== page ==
FOAM REQUIRED TO EXTINGUISH FIRE WHEN SPARK DROPS IN ENAMEL VAT

FOAM REQUIRED TO EXTINGUISH FIRE WHEN SPARK DROPS IN ENAMEL VAT

Traveling Crane Throws Spark Into PipeEnamelling Liquid With Disastrous Results Foam Makes Quick Work of Blaze

A SPARK from a traveling crane which was lowering a large cage of conduit pipe into a 4500-gallon tank of enameling fluid in the plant of the Enameled Metals Company at 61 Bridge Street in the Borough of Etna, just across the Allegheny River from the eastern end of Pittsburgh, Pa., Tuesday afternoon December 7, about 4:30 p. m. caused an explosion and fire which resulted in damage to the plant estimated at $50,000 and endangered the lives of 150 workmen. The fire was only controlled and extinguished after a supply of Foamite was rushed to the scene from the city warehouse of the Foamite Company.

Nine Volunteer fire companies from the borough of Etna and surrounding boroughs fought the fire for quite a while without making much headway in extinguishing the fire, the water used by the volunteer firemen and the water from the automatic sprinklers which functioned properly only tended to spread the fire. Seeing that the fire was getting beyond the control of the volunteer firemen, the management of the Enameling Plant appealed to Pittsburgh for help through Chief Smith, stating that they could not extinguish the fire with water and asking Chief Smith to send them foam apparatus.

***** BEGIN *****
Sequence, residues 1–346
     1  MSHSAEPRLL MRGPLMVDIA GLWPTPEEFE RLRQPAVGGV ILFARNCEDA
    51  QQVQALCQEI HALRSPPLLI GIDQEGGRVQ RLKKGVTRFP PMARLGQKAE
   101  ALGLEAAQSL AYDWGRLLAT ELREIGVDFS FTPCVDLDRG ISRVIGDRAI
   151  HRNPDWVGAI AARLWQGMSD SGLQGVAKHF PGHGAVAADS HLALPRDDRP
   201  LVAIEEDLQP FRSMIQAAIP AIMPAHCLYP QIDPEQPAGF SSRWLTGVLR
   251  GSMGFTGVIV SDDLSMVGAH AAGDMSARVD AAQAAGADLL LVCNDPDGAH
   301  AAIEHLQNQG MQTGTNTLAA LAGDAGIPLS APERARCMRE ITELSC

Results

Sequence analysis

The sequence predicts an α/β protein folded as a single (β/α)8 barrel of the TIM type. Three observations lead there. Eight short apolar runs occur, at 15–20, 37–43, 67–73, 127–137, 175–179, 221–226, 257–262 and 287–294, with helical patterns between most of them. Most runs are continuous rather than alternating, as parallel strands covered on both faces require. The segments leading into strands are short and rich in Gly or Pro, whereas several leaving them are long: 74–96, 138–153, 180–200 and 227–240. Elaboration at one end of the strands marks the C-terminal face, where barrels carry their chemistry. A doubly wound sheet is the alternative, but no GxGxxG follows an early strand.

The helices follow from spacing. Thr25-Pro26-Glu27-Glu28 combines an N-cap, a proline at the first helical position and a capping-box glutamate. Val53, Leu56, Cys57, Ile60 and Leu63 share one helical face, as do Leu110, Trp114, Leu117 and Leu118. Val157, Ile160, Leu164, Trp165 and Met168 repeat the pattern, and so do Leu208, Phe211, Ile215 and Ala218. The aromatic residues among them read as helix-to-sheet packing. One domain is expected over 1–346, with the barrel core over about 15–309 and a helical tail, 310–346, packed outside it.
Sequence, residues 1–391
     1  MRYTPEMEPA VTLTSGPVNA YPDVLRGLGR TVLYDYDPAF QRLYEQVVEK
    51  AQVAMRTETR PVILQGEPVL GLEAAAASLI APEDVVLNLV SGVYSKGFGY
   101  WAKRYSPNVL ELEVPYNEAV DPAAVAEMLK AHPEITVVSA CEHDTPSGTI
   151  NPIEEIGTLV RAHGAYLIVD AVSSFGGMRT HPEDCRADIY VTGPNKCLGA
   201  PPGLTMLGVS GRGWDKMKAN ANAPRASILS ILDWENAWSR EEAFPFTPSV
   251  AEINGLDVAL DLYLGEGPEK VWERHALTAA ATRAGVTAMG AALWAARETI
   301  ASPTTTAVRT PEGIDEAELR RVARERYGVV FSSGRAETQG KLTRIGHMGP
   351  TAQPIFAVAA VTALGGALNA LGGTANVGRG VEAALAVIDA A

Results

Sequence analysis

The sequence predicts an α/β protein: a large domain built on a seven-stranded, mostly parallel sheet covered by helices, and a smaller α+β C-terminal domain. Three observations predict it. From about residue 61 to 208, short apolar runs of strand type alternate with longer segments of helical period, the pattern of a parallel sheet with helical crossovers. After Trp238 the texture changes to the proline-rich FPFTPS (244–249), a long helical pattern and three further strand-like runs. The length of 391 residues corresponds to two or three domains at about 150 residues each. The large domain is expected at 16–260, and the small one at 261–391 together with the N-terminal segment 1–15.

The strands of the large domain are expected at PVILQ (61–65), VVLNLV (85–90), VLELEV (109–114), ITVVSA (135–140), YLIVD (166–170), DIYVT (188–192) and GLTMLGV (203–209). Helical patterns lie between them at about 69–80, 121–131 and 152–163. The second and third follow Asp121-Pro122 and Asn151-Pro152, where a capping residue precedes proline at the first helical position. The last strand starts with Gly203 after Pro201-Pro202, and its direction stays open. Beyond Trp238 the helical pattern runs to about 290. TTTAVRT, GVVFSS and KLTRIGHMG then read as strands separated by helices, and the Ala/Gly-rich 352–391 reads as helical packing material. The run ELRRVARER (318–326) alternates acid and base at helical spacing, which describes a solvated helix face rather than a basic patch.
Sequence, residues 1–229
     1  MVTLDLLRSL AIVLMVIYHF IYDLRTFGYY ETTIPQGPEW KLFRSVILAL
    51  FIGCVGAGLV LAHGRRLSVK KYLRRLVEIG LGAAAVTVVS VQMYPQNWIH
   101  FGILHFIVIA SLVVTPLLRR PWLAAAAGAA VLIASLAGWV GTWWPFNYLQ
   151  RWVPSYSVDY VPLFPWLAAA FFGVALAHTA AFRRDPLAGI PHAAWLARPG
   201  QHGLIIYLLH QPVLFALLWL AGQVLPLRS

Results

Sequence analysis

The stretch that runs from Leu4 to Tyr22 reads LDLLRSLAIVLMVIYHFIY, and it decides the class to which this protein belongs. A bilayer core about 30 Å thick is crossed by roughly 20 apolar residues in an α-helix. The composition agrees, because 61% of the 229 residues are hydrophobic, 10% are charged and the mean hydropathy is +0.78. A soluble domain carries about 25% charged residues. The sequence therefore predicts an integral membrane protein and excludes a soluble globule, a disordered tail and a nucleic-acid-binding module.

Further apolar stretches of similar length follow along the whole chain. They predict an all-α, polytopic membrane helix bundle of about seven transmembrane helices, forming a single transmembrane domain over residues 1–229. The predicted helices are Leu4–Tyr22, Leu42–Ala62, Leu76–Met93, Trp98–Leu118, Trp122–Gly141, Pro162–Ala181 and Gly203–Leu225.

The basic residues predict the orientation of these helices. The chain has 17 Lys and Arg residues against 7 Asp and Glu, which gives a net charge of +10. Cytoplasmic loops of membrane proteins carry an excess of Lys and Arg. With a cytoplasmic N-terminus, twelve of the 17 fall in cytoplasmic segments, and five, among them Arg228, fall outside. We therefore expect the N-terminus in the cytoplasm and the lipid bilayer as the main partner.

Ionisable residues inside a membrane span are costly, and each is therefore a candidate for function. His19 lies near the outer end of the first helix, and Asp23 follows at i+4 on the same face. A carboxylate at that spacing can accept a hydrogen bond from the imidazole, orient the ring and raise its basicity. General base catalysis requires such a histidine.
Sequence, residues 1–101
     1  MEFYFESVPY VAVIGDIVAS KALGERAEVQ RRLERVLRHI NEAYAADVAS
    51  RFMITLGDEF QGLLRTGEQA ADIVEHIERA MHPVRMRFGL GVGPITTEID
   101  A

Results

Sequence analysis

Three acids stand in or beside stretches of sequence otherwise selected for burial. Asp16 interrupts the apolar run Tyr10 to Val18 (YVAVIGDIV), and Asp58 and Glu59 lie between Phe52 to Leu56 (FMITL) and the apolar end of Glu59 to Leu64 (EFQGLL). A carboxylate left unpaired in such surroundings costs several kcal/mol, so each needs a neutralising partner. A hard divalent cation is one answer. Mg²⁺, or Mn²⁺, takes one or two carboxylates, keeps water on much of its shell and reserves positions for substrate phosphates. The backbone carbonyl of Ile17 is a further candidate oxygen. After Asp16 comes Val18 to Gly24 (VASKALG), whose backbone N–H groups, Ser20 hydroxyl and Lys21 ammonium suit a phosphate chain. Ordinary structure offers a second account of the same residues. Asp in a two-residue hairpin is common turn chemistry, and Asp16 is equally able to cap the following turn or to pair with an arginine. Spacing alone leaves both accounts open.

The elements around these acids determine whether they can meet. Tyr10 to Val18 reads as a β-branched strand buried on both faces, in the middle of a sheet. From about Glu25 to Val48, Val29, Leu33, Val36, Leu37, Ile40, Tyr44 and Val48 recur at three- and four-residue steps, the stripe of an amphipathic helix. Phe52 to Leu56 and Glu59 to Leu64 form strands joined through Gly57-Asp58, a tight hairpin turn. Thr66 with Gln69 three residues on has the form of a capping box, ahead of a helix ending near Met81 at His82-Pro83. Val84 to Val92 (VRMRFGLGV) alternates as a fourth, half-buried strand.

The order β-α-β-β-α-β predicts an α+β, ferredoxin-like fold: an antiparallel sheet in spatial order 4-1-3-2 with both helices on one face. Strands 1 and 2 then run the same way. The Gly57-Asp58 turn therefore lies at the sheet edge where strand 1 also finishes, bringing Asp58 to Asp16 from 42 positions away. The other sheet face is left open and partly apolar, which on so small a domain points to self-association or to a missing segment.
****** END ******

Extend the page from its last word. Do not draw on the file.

Not having any foam apparatus or extinguishers of this type in the department, Chief Smith sent Engine Company No. 9, located at Butler and McCandless Avenue, which is directly opposite the Borough of Etna, in command of Captain Philip D. Cooke, a fire company which has had plenty of experience in handling oil fires, being located in the oil refinery and paint factory district.

Chief Smith also notified the Enameling Company to get in touch with the Spang Chalfant Company, a large manufacturing plant which is near the plant of the Enameling Company, which plant is equipped with foam apparatus for use of their equipment, which was done, but owing to the inexperience of the volunteer firemen in handling this type of extinguisher, not much further progress was accomplished until after the arrival of Engine Company No. 9, which practically took charge of the situation. Immediately after the appeal to Chief Smith for foam apparatus. Chief Smith got in touch with the Foamite Sales Company’s warehouse and distributing station located in the downtown district of the city.

While he was trying to get the company on the phone, a representative of the Foamite Company stepped into the office to see the chief on some official business, just in time to take hold of matters. The representative immediately got in touch with the warehouse and notified them from the chief’s office to get apparatus and a full supply of Foamite ready for immediate service.

In the meantime Chief Smith volunteered the use of the fuel truck from the Third Battalion for quick service in getting the foam apparatus to the scene of the fire, the Foamite Company’s truck not being available to make the run. By the time the fuel truck reached the warehouse everything was ready to load. An appeal was made to the police department through Director of Public Safety James M. Clark for an escort of motorcycle police to get the truck through the congested traffic, which appeal was granted.